The Budget also proposes to eliminate limits on the amounts of money that people on social assistance can have in Tax Free Savings Accounts (TFSAs) and Registered Retirement Savings Plans (RRSPs) starting in Fall 2018. This change would help to ensure that people who have retirement savings would not have to spend down those savings before receiving help from social assistance, and would improve their income security in retirement.
Moves Toward Reconciliation
The Income Security Roadmap for Change report made a number of recommendations that would move toward reconciliation and improve social assistance for people from urban Indigenous and First Nation communities.
The Budget proposes that government “work with urban Indigenous and First Nation partners to improve access to culturally safe OW and ODSP services in communities across Ontario”. It also proposes that government work with First Nations to co-design a way of delivering social assistance that would allow First Nations greater flexibility and capacity to deliver social assistance programs to members of their communities.
In addition, the Budget proposes expanding eligibility for the Remote Communities Allowance to 42 more First Nation communities by including those communities north of the 47th and south of the 50th parallel, and those who do not have year-round road access. This change would start in Fall 2018.
Benefits for All Low Income Ontarians
The “Income Security: Roadmap for Change” report made recommendations to improve supports for people outside social assistance, including providing extended medical benefits and a housing benefit. The Budget makes the following commitments.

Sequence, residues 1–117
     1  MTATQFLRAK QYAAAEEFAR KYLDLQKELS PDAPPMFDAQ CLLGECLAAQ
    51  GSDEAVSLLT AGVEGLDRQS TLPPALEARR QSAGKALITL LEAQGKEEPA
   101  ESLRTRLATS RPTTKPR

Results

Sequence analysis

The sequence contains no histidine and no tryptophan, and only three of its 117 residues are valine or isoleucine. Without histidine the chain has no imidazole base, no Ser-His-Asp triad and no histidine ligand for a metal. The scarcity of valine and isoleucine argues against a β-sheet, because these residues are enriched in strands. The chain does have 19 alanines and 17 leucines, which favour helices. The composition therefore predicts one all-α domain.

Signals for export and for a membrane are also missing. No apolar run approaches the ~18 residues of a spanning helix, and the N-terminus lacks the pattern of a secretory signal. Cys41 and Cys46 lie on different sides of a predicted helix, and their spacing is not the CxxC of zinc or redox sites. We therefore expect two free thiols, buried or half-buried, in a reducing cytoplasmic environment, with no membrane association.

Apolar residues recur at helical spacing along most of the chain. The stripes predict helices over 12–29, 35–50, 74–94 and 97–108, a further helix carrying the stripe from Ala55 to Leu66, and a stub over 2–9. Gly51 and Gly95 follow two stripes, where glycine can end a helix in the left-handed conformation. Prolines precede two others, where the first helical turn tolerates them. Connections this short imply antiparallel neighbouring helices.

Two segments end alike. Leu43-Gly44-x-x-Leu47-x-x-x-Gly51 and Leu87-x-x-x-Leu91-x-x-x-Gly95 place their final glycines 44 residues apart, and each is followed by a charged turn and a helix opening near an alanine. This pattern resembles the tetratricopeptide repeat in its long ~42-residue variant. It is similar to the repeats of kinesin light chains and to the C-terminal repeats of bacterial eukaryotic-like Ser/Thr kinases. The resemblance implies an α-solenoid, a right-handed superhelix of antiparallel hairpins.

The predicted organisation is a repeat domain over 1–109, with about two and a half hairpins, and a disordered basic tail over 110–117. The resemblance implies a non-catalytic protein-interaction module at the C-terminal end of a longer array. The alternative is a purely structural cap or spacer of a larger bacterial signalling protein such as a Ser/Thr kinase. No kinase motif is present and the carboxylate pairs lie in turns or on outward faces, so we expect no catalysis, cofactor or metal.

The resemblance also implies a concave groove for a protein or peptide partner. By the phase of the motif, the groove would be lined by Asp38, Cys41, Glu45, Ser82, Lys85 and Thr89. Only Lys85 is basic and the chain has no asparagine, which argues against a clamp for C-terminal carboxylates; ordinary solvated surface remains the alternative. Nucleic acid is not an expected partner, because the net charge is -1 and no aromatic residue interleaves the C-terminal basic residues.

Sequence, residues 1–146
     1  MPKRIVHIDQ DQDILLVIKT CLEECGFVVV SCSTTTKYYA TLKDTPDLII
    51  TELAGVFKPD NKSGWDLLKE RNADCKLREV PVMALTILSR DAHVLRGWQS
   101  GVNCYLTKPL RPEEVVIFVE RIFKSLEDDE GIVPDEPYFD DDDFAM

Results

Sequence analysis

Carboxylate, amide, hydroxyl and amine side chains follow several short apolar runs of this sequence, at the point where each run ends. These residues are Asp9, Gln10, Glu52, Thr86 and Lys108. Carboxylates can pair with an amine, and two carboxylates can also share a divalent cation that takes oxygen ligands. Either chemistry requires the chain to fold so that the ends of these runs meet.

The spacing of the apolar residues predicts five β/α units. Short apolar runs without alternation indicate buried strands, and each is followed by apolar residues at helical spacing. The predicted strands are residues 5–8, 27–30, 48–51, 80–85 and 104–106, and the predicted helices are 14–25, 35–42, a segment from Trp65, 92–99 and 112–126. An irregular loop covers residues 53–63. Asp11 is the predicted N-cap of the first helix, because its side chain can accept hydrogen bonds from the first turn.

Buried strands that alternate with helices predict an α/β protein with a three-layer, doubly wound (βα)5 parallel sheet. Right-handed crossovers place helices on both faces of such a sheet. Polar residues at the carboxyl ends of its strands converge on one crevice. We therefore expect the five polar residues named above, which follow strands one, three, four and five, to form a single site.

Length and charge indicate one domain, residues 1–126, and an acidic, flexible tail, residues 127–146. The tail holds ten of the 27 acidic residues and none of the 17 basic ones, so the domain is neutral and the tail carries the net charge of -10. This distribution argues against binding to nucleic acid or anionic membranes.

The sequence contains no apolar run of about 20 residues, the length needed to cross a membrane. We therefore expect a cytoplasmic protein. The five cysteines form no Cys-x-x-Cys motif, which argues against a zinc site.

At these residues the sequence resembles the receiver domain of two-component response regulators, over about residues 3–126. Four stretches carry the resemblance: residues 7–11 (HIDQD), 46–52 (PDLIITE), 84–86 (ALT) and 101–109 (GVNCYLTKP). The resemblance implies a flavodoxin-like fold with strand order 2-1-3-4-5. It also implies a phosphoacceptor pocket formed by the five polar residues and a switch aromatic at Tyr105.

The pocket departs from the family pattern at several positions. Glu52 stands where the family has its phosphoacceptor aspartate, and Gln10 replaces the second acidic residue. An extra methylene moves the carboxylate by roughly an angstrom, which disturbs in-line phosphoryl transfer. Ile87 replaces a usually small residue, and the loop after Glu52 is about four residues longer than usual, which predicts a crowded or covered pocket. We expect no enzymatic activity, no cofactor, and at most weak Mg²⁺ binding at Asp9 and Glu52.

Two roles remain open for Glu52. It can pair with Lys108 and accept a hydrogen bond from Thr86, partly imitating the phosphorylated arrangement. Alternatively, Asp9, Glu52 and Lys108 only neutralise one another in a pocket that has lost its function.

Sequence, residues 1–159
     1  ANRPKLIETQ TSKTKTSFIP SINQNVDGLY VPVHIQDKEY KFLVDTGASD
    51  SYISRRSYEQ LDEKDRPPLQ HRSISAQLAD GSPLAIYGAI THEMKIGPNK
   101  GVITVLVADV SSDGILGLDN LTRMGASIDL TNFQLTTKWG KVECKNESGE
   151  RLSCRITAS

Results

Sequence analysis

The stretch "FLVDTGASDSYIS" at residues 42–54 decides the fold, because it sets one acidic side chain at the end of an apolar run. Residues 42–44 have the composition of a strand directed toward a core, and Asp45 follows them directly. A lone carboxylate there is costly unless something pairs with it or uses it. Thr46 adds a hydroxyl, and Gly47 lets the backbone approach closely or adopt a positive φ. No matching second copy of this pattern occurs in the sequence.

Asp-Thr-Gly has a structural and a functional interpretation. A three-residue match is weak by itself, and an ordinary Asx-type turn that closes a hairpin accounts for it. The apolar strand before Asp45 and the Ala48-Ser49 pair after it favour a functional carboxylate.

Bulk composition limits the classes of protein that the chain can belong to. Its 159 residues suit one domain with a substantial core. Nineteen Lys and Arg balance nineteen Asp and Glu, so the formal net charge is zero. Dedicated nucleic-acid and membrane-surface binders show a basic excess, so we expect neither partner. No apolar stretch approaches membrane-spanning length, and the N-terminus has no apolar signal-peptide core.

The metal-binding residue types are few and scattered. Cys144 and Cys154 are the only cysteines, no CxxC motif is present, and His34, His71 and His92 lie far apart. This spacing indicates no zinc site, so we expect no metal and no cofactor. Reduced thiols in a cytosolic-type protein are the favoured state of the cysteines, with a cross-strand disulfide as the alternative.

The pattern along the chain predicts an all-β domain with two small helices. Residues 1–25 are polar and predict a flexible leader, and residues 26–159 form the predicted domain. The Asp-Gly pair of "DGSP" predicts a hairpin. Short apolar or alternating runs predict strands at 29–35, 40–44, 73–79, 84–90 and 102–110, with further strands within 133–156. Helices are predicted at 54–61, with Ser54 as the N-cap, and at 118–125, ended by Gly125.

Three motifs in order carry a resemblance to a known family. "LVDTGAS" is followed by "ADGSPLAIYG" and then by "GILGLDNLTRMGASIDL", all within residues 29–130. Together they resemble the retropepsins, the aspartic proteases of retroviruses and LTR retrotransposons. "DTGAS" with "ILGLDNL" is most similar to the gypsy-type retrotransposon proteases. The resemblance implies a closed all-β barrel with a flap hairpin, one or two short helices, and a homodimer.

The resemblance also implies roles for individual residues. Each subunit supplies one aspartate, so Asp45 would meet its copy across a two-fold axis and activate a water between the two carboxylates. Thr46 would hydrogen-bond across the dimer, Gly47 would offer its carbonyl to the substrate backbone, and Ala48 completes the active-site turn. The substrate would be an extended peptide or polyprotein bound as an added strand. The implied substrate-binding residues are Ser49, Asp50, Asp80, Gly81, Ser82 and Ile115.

Ontario Drug and Dental Program
The Budget proposes the creation of a new Ontario Drug and Dental program for people in Ontario who do not already have extended health care coverage. The program would start in summer 2019. The program would reimburse people for up to 80% of their prescription drug and dental costs, up to a maximum of $400 for singles and $600 for couples, plus $50 for each child in the family.
Given that there are a growing number of low-income Ontarians who do not receive extended medical benefits from their employer, this new program is a move in the right direction that would establish a platform for universal coverage and ensure that everyone in Ontario would have some level of coverage.
OHIP+ for Seniors
The Budget proposes expanding the OHIP+ program to seniors (65+). This would eliminate the deductible and co-pay amounts that seniors currently have to pay under the Ontario Drug Benefit and assist low-income seniors to afford the cost of their prescription medication.
Portable Housing Benefit
The Budget affirms the government’s commitment to cost-match the federal government’s housing investments in the National Housing Strategy, including funds for a portable housing benefit that would assist low-income people with the cost of housing. The details of the design of this new benefit or who would be eligible have not been confirmed.